Twenty-nine out of 50 states have seen cases rise for at least two weeks in a row, up from 21 states in the prior week. They include the entire Midwest except Illinois and Missouri, as well as new hot spots in the Northeast, South and West.

In Idaho, 23.5% of more than 17,000 tests came back positive for COVID-19 last week, the highest positive test rate in the country, according to data from The COVID Tracking Project, a volunteer-run effort to track the outbreak. South Dakota, Iowa and Wisconsin also reported positive test rates above 20% last week.

For a third week in a row, testing set a record high in the country, with on average 976,000 tests conducted each day last week. The percentage of tests that came back positive for the virus rose to 5.0% from 4.6% the prior week.

The World Health Organization considers rates above 5% concerning because it suggests there are more cases in the community that have not yet been uncovered.

(Writing by Lisa Shumaker; Graphic by Chris Canipe; Editing by Tiffany Wu)

U.S. Midwest sees surge in COVID-19 cases as four states report record increases

By Anurag Maan and Lisa Shumaker

(Reuters) – Four U.S. states in the Midwest reported record one-day increases in COVID-19 cases on Saturday as infections rise nationally for a second week in a row, according to a Reuters analysis.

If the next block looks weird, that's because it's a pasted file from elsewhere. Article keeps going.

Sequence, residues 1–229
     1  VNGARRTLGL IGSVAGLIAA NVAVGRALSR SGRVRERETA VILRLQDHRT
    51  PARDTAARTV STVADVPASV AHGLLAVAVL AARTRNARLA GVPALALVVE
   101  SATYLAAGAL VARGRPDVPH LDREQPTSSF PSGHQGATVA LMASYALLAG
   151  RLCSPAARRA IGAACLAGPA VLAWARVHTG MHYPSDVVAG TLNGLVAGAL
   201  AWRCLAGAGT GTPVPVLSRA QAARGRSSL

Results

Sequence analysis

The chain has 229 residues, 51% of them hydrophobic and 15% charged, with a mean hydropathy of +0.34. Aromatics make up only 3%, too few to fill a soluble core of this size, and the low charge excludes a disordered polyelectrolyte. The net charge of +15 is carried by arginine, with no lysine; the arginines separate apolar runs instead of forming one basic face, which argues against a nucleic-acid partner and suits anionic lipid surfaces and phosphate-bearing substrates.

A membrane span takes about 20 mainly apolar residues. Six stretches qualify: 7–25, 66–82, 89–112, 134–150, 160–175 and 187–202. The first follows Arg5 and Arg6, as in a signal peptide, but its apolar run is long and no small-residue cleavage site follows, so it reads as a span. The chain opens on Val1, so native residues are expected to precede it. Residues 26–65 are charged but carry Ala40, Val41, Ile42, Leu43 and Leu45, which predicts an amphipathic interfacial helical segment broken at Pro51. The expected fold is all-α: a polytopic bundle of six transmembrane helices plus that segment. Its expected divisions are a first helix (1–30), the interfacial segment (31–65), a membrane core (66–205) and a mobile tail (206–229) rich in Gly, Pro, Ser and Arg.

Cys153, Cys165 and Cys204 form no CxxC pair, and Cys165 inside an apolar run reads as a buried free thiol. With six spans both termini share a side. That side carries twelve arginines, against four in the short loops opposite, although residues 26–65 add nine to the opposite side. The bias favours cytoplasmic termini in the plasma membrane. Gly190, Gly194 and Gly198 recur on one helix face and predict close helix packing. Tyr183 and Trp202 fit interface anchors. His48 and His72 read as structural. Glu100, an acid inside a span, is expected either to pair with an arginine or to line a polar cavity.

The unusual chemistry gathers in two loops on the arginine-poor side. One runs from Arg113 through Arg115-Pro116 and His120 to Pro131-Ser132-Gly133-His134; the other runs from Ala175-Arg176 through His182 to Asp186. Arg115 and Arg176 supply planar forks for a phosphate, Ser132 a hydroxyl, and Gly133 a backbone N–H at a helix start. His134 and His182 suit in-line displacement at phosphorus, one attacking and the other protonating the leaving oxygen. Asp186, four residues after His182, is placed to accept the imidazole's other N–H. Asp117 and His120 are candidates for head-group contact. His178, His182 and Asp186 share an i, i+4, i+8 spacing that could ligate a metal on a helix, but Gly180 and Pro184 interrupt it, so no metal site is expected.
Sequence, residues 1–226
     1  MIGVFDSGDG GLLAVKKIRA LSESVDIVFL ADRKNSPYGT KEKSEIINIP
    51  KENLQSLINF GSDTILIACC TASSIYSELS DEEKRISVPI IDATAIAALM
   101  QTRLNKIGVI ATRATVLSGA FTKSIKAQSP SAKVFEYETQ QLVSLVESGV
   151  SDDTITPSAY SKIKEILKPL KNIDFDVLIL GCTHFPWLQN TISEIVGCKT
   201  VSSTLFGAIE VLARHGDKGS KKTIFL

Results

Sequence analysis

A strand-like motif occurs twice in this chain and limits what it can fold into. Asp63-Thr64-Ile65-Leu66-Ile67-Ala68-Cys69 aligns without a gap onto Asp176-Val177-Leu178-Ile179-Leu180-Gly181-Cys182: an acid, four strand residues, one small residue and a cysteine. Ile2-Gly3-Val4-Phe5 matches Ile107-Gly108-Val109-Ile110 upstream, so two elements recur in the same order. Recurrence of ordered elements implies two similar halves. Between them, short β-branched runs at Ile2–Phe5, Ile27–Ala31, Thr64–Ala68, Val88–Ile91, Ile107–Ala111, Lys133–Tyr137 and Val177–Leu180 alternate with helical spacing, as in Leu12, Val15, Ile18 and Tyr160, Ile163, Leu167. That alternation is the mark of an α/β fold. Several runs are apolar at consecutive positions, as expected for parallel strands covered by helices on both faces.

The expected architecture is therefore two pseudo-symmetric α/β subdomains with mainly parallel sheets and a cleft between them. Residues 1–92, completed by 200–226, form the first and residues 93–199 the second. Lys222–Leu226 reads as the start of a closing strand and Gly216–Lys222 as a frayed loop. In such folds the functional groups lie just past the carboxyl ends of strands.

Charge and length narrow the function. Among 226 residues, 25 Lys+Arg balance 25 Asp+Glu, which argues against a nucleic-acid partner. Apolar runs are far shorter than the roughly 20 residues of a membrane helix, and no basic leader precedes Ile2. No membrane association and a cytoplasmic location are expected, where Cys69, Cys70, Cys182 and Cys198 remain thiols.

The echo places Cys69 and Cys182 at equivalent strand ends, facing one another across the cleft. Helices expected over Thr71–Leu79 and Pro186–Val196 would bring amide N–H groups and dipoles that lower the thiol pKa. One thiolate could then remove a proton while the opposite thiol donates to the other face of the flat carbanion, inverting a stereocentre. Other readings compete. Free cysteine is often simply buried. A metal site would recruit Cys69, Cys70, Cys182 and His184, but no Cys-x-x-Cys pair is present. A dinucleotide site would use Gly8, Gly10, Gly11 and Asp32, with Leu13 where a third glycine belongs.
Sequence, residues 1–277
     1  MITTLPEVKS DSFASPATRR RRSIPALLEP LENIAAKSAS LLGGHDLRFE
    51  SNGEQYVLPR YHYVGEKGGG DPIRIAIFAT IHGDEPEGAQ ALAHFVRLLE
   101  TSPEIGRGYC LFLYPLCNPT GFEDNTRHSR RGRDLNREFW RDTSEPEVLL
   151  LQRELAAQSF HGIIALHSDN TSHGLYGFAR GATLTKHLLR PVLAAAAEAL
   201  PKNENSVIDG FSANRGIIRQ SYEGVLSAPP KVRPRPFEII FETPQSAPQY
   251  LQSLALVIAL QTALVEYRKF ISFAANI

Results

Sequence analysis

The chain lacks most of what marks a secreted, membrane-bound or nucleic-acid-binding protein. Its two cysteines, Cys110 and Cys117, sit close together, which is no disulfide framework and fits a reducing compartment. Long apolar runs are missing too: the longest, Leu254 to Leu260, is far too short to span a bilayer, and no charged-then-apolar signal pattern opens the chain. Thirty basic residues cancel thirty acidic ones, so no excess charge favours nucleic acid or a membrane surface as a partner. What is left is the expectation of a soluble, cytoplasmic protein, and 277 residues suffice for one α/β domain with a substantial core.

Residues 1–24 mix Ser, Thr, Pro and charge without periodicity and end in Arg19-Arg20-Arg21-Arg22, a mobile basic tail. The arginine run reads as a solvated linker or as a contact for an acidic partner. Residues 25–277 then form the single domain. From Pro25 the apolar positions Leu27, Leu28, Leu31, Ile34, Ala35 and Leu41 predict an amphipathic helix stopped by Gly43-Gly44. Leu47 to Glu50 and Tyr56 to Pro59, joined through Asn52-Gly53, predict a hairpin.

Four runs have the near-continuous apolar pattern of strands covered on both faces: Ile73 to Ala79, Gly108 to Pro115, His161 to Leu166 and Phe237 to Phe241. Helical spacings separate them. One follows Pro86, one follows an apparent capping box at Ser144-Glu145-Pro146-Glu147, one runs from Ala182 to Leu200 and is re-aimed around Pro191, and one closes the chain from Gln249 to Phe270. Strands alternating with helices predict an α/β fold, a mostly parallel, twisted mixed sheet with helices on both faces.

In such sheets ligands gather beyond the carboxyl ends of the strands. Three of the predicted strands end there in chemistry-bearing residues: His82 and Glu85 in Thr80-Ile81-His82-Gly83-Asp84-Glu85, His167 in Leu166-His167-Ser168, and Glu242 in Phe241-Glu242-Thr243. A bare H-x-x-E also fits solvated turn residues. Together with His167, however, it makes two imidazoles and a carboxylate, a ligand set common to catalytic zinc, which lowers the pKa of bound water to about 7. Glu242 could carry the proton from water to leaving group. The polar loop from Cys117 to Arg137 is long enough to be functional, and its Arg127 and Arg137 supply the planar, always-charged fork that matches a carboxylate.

Minnesota reported 1,418 new cases, Montana 343 new cases, South Dakota reported 579 and Wisconsin had 2,902 new cases.

In the last week, seven mostly Midwest states have reported record one-day rises in new infections — Minnesota, Montana, Oregon, South Dakota, Utah, Wisconsin and Wyoming. Minnesota and Utah reported record increases two days in a row.

The United States recorded 58,461 new cases on Friday, the highest one-day increase since Aug. 7. The United States is reporting nearly 46,000 new infections on average each day, compared with 40,000 a week ago and 35,000 two weeks ago.

All Midwest states except Ohio reported more cases in the past four weeks as compared with the prior four weeks, according to a Reuters analysis.

Some of the new cases are likely related to an increase in the number of tests performed. In the last week, the country has performed over 1 million coronavirus tests three out of seven days — a new record, according to data from The COVID Tracking Project, a volunteer-run effort to track the outbreak.

However, hospitalizations have also surged in the Midwest and are not influenced by the number of tests performed.

Wisconsin’s hospitalizations have set new records for six days in a row, rising to 543 on Friday from 342 a week ago. South Dakota’s hospitalizations set records five times this week, rising to 213 on Saturday from 153 last week.

“Wisconsin is now experiencing unprecedented, near-exponential growth of the number of COVID-19 cases in our state,” Governor Tony Evers said in a video posted on social media.

Missouri, Nebraska, North Dakota and Wyoming have also seen record numbers of hospitalized COVID-19 patients in the past week.

Cases have also begun rising again in the Northeast, including the early epicenters of New York and New Jersey.